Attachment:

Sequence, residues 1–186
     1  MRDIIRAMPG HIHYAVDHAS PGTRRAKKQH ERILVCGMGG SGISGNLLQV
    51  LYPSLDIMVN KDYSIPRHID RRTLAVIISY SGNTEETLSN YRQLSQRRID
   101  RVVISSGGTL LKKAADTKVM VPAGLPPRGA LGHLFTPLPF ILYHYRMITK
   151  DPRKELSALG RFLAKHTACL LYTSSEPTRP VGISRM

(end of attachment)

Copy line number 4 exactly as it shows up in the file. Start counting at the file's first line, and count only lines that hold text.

   101  RVVISSGGTL LKKAADTKVM VPAGLPPRGA LGHLFTPLPF ILYHYRMITK